A pharmacist has to know where the ingredients come from, as in its original live form. As well as what it should look like when they are prepared. They should know how they are prepared and why. They should be able to identify the ingredient and recognize fakes. An ingredient can be prepared by drying it, “frying it” with honey or stones. Some more toxic ingredients are cooked or prepared to decrease the toxicity level into medicine. After all, all medicine is poison in large amounts. The preparation can bring out the effects of the herb, or dampen it depending on its potency. The pharmacist also learns to identify the herb using spectroscopy methods such as TLC and HPLC, types of chromatography. And of course, they should be able to know what ingredients cross-react with one another. So the amount of information they need to know is quite a lot, just like WM pharmacists.
A shout-out to pharmacists everywhere…kudos.
I thought I was going to be yearning for Christmas and New Year’s back in the States but they were both pretty sweet over here. When I asked around how Christmas and New Year’s are celebrated here, most people said no one really celebrates it and that made me a little bit sad. But I guess you just got to find the right crowd, which is always the case anywhere.
Christmas Eve, I went to a friend’s house (from Germany) and I got introduced to what a Taiwanese Dog is. They have pointy ears, a curled tail and eat just about anything. In the States, pet owners are warned not to give their dogs chicken bones so they don’t choke on the small pieces but here it doesn’t matter. If we accidentally dropped food (or didn’t like the food) the dogs would eat it up. I actually have a German Shepard at home that does the same, but these dogs eat veggies too! It’s actually cool because this way you don’t waste food.
On Christmas Day I went to Miaoli and went hiking. It counts to be my first time hiking which was pretty cool. The scenery was amazing. We hiked into a clearing where farmers were growing oranges so we bought a couple and they were super sweet and juicy. I also got to see where papayas come from…I didn’t know they grew on trees. At the end of the hike, we came across a temple with a huge incense burner and so I left a prayer for my friends and family. The way the incense burner is designed, you either pray inwards to the temple or outwards to the sky. The one there was towards the sky and it was pretty cool especially since that day the sky was a clear baby blue.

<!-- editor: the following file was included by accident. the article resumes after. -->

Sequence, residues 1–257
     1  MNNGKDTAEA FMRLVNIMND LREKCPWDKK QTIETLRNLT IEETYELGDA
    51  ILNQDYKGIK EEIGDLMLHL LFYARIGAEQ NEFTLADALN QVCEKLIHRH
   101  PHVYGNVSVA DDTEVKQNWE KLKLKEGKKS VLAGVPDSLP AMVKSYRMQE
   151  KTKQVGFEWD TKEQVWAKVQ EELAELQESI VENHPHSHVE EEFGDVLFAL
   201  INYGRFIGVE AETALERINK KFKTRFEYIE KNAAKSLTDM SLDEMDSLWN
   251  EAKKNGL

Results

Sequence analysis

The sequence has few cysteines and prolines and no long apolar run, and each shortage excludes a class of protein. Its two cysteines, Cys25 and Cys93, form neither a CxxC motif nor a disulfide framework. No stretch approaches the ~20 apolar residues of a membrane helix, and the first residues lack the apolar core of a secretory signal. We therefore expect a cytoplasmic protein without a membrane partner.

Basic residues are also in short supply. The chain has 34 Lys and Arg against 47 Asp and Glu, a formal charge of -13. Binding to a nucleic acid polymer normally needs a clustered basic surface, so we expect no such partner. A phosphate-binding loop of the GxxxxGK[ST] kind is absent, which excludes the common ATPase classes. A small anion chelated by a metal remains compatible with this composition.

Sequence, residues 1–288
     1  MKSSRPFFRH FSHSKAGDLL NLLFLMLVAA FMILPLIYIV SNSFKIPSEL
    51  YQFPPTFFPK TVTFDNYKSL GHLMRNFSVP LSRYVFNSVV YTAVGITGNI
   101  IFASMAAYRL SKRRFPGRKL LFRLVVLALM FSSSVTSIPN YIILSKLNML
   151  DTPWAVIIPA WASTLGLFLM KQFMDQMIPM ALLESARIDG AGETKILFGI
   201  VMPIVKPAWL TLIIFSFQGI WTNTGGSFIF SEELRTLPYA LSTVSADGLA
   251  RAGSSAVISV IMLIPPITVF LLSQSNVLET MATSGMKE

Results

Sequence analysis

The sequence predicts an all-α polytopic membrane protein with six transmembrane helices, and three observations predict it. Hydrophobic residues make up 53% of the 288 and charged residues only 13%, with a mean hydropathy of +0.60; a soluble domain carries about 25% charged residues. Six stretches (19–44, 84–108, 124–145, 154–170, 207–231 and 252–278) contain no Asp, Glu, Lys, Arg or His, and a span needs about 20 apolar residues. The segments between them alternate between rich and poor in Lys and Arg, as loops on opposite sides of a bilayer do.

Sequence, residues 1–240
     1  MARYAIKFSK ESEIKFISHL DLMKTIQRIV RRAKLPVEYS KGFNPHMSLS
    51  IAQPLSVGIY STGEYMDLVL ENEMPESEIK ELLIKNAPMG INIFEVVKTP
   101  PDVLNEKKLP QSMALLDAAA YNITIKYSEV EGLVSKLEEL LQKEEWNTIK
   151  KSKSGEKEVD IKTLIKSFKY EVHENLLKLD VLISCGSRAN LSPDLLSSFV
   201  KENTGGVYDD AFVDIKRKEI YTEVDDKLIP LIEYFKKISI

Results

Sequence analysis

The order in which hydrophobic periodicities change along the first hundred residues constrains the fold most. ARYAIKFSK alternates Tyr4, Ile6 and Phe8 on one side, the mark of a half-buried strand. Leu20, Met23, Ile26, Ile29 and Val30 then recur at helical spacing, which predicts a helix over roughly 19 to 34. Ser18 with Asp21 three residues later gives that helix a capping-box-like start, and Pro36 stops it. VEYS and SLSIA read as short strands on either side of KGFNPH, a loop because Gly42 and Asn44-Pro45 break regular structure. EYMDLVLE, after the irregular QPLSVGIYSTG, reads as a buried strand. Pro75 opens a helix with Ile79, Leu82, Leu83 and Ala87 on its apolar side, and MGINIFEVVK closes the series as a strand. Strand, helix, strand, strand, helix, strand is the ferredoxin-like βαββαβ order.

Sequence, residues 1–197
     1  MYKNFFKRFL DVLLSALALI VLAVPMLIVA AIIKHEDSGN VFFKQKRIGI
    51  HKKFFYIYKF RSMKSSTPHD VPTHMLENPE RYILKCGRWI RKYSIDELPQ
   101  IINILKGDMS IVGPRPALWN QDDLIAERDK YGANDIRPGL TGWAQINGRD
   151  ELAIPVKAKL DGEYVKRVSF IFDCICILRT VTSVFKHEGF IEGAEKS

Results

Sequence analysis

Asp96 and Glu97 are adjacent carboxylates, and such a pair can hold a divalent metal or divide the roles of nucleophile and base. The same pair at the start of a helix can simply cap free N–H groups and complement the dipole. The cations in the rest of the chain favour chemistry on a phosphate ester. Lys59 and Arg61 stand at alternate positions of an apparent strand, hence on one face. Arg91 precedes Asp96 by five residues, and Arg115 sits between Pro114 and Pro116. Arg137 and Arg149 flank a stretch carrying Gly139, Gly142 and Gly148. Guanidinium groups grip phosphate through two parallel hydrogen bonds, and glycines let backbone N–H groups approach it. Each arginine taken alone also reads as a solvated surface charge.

Last night was New Year’s and I was taken to a place called Tiger City which is like a mall and happens to have a Cold Stone Creamery and a Chili’s as well as movie theaters and of course other eateries. There was a stage set up for a performance and we counted down to the New Year. There were so many people squeezed into that square at a couple of points I felt like a part of a very densely packed solid. Someone planned a proposal at the performance, and we watched her say yes. At midnight, we were treated to a fireworks show and yes…we were right under the fireworks. Wicked cool.
So Christmas and New Year’s were quite fun here. Makes me excited for Lunar New Year. The Year of the Dragon.
Happy New Year everyone!
Today I woke up to the singing of a nearby temple. Their singing is beautiful. As I was walking back home yesterday I saw them setting up a tent. I don’t know what it’s for but it makes waking up on a Saturday morning really nice.